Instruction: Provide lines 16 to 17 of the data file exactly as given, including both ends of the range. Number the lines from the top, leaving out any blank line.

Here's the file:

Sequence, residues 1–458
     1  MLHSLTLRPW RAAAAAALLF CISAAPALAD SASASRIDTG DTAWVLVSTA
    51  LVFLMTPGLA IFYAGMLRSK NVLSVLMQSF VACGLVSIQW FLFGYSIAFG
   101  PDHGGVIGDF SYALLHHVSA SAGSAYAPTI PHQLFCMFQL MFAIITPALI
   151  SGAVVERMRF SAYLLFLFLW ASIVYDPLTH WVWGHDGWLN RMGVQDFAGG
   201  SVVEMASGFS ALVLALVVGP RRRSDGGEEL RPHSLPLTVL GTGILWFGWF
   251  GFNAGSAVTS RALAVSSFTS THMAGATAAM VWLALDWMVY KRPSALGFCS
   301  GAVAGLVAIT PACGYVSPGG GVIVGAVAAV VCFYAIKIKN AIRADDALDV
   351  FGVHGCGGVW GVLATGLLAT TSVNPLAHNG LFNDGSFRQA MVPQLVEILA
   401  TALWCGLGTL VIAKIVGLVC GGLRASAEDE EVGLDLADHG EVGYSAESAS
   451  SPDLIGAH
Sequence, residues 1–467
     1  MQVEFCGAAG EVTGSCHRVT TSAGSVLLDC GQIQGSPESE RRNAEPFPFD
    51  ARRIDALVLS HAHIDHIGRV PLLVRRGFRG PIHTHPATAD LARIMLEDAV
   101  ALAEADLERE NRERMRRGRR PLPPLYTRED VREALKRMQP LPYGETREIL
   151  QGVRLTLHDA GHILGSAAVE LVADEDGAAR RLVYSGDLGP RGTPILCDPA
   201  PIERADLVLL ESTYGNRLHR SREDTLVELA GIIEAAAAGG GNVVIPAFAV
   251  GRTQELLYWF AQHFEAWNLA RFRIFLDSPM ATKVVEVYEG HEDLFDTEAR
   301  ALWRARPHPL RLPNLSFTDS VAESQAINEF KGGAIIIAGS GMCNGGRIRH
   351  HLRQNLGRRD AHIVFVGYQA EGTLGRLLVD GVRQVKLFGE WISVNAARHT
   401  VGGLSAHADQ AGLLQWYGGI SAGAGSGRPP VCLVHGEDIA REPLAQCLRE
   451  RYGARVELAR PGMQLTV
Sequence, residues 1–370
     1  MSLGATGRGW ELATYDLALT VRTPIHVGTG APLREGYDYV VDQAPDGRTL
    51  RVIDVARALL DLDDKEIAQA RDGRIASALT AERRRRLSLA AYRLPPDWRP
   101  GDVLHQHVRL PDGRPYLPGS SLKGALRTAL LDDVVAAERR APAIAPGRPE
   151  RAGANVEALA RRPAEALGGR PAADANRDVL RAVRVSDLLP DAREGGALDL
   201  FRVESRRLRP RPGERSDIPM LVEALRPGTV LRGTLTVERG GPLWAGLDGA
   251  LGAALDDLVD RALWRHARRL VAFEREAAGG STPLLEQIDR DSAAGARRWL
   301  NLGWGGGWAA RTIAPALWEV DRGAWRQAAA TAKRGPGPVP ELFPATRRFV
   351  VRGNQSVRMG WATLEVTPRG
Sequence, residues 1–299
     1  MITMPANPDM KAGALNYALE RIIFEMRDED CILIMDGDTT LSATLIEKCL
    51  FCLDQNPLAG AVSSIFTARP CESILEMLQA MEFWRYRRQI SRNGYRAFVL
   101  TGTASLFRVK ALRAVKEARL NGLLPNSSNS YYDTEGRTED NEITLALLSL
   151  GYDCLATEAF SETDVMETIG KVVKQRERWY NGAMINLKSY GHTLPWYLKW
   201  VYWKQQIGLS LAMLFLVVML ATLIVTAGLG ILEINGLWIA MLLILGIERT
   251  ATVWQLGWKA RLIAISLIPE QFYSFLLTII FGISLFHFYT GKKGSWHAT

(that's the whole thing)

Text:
   151  QGVRLTLHDA GHILGSAAVE LVADEDGAAR RLVYSGDLGP RGTPILCDPA
   201  PIERADLVLL ESTYGNRLHR SREDTLVELA GIIEAAAAGG GNVVIPAFAV